We arrived as it was beginning to get dark and began to search. No luck until Wendy’s phone contact came out and began guiding. In the darkness a very friendly white cat with oddly shaped black ears came straight to us. We had brought food and water and she made straight for them. Purring and most definitely not feral, so we had a closer look. Her ears weren’t naturally black – they were half eaten away and bloody. She was also scrawny but with a bloated belly. So she was injured, mal-nourished and pregnant!

We brought her back but couldn’t risk putting her in the same space as our own cats or the other fosters, so into the garage she went for the night. All this time she was happy to be picked up and carried in a box – as if she knew she’d turned a corner.

Of course the whole episode was being followed on FaceBook by a whole host of friends and fellow animal rescuers. One of them was our good friend Joe, who offered to come round in the morning to take her up to our Sainted Beth the veterinarian who never imagined she’d share so much of her personal and professional life with us.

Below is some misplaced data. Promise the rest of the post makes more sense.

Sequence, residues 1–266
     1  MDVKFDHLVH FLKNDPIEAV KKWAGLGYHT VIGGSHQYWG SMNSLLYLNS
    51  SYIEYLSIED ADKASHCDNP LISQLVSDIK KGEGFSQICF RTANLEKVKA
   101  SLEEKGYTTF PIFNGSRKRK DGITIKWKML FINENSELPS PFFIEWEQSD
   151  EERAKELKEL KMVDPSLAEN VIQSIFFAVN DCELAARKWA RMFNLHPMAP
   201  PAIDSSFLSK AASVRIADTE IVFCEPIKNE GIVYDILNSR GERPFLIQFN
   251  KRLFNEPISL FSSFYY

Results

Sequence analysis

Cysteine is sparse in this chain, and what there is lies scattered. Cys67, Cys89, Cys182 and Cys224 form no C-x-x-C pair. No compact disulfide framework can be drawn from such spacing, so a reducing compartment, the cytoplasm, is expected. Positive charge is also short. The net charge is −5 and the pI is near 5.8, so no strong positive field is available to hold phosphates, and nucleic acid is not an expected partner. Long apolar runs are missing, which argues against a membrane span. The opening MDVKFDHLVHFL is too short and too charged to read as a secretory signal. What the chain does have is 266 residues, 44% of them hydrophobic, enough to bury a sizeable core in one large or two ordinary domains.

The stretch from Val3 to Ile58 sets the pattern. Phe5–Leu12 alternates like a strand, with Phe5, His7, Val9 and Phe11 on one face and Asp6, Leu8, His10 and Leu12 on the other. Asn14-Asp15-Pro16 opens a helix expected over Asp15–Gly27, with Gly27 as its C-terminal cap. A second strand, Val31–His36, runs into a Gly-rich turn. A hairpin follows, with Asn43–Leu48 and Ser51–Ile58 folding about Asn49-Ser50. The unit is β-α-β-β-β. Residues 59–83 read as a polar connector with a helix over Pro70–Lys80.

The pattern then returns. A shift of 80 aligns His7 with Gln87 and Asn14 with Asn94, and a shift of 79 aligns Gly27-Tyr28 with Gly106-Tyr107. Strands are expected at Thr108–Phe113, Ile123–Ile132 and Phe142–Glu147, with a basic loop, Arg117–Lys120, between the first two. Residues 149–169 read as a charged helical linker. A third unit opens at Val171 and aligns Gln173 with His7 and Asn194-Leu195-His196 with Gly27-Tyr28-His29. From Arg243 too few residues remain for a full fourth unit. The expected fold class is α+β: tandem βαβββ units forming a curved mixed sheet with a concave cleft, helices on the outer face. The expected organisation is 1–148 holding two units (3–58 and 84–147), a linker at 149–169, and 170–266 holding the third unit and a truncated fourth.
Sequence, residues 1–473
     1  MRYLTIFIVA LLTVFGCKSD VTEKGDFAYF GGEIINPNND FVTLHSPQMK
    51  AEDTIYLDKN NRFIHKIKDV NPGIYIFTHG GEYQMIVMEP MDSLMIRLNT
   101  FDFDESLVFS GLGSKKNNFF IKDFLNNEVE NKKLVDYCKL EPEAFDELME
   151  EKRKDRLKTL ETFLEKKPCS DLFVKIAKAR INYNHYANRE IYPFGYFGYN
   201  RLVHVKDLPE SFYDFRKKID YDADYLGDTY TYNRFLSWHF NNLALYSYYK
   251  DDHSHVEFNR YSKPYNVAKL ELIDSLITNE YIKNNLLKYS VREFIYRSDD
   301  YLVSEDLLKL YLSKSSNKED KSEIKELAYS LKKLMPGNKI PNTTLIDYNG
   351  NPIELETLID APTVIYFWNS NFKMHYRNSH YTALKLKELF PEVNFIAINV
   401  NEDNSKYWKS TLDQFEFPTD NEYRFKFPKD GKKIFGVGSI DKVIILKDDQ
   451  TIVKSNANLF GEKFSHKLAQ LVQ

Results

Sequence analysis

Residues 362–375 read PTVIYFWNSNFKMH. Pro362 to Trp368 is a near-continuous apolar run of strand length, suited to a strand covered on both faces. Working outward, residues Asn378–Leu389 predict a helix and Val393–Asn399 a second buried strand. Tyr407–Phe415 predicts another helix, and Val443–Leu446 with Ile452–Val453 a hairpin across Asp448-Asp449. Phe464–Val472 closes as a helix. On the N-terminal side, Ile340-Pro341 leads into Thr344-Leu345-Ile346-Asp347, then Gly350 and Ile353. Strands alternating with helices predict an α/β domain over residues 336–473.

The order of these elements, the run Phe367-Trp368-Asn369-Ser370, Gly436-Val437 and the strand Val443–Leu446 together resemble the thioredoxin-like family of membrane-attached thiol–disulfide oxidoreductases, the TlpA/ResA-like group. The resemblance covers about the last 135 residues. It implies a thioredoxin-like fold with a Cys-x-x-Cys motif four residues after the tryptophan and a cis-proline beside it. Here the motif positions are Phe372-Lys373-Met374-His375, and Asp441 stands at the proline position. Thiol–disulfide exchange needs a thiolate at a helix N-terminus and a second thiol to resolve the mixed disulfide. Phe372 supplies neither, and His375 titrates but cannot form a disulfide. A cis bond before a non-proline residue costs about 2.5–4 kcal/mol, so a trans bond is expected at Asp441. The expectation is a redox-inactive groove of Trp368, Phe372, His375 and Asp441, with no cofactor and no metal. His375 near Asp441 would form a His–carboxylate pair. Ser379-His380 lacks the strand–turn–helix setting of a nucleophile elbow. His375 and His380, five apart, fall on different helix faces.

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So now we know that Pogo (we called her that because she looked like a possum in the half-light) has melanoma on both ears, is completely flea-ridden and has a belly full of worms (so – not pregnant).